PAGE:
Liposuction, also known as lipoplasty or suction lipectomy, is the simple concept of removing unwanted fat through a vacuum apparatus to reduce fat bulges or pockets. It can also be performed using the tumescent technique. Common sites for liposuction include chin, neck, arms, abdomen, thighs, buttocks and even calves and ankles.
Several factors limit the amount of fat that can be safely removed in one session. Ultimately, you and your physician will decide on the best approach. There are negative aspects to removing too much fat. The more fat removed, the higher the surgical risk.
Liposuction is the most popular aesthetic surgery procedure according to both the American Society for Aesthetic Plastic Surgery and the American Society of Plastic Surgeons. From the use of ultrasound to lasers, liposuction involves the removal of fat with suction through small incisions that allow your plastic surgeon to sculpt and shape the curves of the body. This is a surgical procedure that requires general or local anesthesia with intravenous (IV) sedation, and should be performed in an accredited surgical facility. The area to be treated is infused with fluid to facilitate fat removal, and the actual surgical time can vary widely.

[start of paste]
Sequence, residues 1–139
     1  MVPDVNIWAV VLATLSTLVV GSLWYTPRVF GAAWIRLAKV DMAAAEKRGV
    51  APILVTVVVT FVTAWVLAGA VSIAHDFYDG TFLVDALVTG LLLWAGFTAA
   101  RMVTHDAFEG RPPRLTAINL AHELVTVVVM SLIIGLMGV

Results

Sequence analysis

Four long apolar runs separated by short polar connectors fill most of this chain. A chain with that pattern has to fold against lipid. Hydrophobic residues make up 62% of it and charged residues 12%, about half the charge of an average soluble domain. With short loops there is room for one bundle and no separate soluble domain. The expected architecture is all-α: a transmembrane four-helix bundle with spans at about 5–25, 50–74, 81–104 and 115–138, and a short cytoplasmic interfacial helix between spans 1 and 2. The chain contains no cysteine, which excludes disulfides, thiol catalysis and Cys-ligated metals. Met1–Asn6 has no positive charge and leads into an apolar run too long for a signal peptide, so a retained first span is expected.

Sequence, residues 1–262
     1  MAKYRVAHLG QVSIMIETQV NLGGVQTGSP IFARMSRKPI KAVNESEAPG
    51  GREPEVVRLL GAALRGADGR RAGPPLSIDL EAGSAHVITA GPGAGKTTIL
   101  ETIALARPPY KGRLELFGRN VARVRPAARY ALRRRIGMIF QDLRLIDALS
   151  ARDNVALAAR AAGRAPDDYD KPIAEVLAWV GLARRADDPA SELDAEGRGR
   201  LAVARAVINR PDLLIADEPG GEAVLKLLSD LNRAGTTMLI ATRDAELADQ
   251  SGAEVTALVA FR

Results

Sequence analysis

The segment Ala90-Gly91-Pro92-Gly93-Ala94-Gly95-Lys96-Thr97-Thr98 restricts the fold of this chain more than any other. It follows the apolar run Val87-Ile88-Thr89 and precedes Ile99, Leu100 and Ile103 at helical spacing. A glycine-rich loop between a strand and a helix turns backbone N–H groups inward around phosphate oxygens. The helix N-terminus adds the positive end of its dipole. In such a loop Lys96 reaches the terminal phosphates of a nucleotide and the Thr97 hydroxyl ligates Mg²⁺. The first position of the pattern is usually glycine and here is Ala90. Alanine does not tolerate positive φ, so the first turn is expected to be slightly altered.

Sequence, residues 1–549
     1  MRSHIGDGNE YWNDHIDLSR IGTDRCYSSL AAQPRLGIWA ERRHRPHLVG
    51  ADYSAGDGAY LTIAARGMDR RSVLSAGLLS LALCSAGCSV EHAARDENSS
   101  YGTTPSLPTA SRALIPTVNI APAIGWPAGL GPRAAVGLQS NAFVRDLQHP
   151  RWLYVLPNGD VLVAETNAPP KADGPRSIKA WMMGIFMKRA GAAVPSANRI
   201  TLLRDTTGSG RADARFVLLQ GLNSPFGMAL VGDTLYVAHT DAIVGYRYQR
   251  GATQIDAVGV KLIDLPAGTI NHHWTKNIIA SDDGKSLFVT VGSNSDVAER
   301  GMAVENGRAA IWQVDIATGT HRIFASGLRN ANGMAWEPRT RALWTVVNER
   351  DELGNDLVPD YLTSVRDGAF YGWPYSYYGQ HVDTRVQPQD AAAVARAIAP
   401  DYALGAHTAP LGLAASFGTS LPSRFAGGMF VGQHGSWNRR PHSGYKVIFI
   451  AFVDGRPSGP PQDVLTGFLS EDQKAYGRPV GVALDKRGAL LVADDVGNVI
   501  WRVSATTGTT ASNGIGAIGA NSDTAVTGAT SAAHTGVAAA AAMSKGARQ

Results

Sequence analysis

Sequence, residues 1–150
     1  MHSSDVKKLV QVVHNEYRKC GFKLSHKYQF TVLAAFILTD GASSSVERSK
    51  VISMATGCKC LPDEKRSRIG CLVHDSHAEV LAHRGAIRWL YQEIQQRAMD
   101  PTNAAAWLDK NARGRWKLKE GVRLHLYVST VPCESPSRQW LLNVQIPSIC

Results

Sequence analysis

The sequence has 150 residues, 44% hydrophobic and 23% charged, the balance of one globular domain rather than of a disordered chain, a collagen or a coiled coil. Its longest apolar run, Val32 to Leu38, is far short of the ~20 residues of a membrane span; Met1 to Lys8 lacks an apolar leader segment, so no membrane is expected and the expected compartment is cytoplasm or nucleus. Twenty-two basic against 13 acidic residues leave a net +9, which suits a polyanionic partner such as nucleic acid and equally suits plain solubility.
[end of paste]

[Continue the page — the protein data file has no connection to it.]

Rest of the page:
Liposuction gets rid of unwanted fat bulges when diet and exercise don’t work. It’s the gold standard for correcting figure flaws and bulges. However, liposuction is not a substitute for dieting, nor will it give you the same type of results. Liposuction should be performed after you’ve lost the extra pounds. It’s used more to contour the body and not to lose weight.
The essence of liposuction is the vacuum extraction of fat. Liposuction takes advantage of the low density of fatty tissue. When a surgeon applies a vacuum to fat, the fat is removed by the vacuum but the denser nerves and blood vessels stay intact. What remains is a latticework of blood and lymphatic vessels, along with nerve and connective tissues encased in a supportive structure. In other words, liposuction selectively removes fat without cutting or injuring the surrounding tissue.